LAS VEGAS — A 20-year-old shooter and 27-year-old driver getaway driver took plea deals Friday in a closely watched murder case stemming from a shootout that killed a Las Vegas mother of four in a neighborhood cul-de-sac.
Erich Milton Nowsch Jr. pleaded guilty to a reduced charge of second-degree murder with use of a weapon in the February 2015 slaying of Tammy Meyers.
Nowsch and his lawyer, Augustus Claus, told Clark County District Court Judge Michael Villani that he'll plead guilty to assault with a deadly weapon in a separate case that alleges he held a knife to the throat of a 13-year-old boy. That plea is scheduled next Thursday.
Nowsch will face a minimum of between 11 and 18 years, and up to life in prison, at sentencing April 21 in the murder case. He'll face one to six years on the knife case.
The driver, Derrick Andrews, pleaded guilty to voluntary manslaughter and accessory to murder. He'll face two to 15 years at sentencing.
The pleas avoided a trial in a case that drew intense attention during a manhunt for Tammy Meyers' killer, and was depicted last month in an ABC-TV 20/20 broadcast.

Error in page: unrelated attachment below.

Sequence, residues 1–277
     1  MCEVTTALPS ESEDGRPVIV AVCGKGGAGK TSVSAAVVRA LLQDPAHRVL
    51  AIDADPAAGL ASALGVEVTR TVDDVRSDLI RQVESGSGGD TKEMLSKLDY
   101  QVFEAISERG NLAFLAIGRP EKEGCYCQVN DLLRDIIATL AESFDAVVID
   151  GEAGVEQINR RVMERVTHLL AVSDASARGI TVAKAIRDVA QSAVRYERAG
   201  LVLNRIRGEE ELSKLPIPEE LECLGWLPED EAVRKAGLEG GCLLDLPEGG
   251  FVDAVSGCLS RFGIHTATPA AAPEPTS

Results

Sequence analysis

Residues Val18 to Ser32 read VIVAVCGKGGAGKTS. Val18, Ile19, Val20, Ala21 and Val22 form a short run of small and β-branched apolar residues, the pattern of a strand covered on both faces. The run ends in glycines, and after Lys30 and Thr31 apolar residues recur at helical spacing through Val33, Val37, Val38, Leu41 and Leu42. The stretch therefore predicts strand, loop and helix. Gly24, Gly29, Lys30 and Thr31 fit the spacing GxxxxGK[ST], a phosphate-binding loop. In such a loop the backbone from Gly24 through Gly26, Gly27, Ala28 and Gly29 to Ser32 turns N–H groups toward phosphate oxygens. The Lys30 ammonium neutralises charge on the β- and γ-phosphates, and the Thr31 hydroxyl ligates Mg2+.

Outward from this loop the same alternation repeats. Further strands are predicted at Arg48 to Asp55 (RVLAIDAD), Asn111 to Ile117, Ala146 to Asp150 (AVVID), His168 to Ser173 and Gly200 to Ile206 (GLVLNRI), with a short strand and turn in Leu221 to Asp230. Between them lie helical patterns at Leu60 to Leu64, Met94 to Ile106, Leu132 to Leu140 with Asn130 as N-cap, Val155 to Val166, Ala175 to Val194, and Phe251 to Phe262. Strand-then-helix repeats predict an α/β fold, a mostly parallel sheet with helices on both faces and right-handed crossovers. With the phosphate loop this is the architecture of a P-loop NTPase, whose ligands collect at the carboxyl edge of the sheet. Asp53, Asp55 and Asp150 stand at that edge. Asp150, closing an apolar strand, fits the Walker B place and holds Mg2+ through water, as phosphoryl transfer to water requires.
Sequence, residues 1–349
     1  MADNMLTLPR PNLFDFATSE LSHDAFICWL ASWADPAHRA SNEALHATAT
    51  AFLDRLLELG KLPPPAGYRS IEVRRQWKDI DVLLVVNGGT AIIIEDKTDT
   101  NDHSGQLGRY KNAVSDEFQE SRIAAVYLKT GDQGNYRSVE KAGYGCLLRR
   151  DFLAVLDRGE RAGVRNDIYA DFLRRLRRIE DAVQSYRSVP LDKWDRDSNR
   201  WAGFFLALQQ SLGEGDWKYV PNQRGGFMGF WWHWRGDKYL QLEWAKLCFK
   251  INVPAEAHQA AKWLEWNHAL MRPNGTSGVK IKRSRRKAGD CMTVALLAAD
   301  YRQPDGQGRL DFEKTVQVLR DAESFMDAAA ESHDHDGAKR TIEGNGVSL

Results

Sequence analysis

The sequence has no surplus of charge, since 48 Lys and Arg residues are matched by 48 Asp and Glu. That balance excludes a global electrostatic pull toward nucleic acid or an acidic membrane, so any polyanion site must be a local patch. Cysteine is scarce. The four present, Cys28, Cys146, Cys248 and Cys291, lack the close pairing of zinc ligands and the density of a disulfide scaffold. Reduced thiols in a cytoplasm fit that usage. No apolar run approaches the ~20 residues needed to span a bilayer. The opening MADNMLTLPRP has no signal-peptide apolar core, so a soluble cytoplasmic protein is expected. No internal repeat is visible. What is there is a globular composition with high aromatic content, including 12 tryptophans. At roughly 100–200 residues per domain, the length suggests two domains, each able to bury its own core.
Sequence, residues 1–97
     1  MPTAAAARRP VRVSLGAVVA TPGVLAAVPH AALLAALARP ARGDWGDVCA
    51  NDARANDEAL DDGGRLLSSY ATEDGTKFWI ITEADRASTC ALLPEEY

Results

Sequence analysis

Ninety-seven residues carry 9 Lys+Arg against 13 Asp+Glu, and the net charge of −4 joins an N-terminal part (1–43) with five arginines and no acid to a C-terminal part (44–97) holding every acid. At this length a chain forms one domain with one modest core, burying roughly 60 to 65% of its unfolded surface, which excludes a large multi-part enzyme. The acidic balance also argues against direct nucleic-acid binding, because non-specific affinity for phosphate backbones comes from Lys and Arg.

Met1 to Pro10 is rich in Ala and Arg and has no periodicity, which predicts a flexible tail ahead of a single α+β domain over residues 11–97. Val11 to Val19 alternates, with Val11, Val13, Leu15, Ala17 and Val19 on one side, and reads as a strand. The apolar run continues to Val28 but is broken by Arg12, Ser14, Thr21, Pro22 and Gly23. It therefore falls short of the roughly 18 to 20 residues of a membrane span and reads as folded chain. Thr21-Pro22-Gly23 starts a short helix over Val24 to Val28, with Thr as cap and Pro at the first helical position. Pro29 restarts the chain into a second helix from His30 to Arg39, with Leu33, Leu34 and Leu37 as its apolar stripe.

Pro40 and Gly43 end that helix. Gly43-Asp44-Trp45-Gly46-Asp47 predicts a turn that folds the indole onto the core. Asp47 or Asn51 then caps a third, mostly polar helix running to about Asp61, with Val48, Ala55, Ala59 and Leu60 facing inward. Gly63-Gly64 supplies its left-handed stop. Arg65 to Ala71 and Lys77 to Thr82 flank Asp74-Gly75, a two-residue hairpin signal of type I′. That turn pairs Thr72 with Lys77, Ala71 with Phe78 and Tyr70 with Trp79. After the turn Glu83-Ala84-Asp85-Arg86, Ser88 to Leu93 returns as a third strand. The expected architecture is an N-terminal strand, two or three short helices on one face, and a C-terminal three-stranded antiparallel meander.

"I'm glad my children won't have to go through (a trial). We can start the healing process," said Robert Meyers, Tammy Meyers' husband.
Of Nowsch and Andrews, he said: "They made a bad mistake and a bad choice that day, and they're going to have to live with it the rest of their lives."
The slaying was initially cast as a road rage incident that came while Tammy Myers taught her 15-year-old daughter to drive late at night at a school parking lot.
Later, it was revealed that Nowsch lived in the neighborhood, knew the Meyers family and had even been to their home for dinner.
The prosecutor in the case, David Stanton, concluded that a string of coincidences and misperceptions led to the slaying.
Daughter Kristal Meyers told investigators that after she and her mom were threatened on the road by an aggressive driver, Tammy Meyers dropped her at home and went back out to drive around the neighborhood with her adult son, Brandon Meyers, and his gun.
Nowsch, who was characterized by the prosecutor as a neighborhood marijuana and anxiety-medication dealer, had no car.
He told police he summoned Andrews and his car because he thought a green sedan cruising late around the school contained drug thugs who threatened him and his single mother and her infant daughter.
Nowsch and Andrews, who were arrested separately several days later, aren't believed to have been involved in any initial road confrontation.
Andrews admitted Friday he was driving while Nowsch allegedly opened fire twice — once while Tammy and Brandon Meyers were in the family's green Buick Park Avenue sedan several blocks from the Meyers home, and then in a fatal 24-shot fusillade in the cul-de-sac outside their home.
"I admit that I was present and drove him," Andrews said.
"You knew a shooting took place?" the judge asked.
"Yes," Andrews replied.
Police said Brandon Meyers fired three shots back with his legally owned handgun, but didn't hit anything.
Tammy Meyers, 44, was struck in the head by one bullet. She died two days later.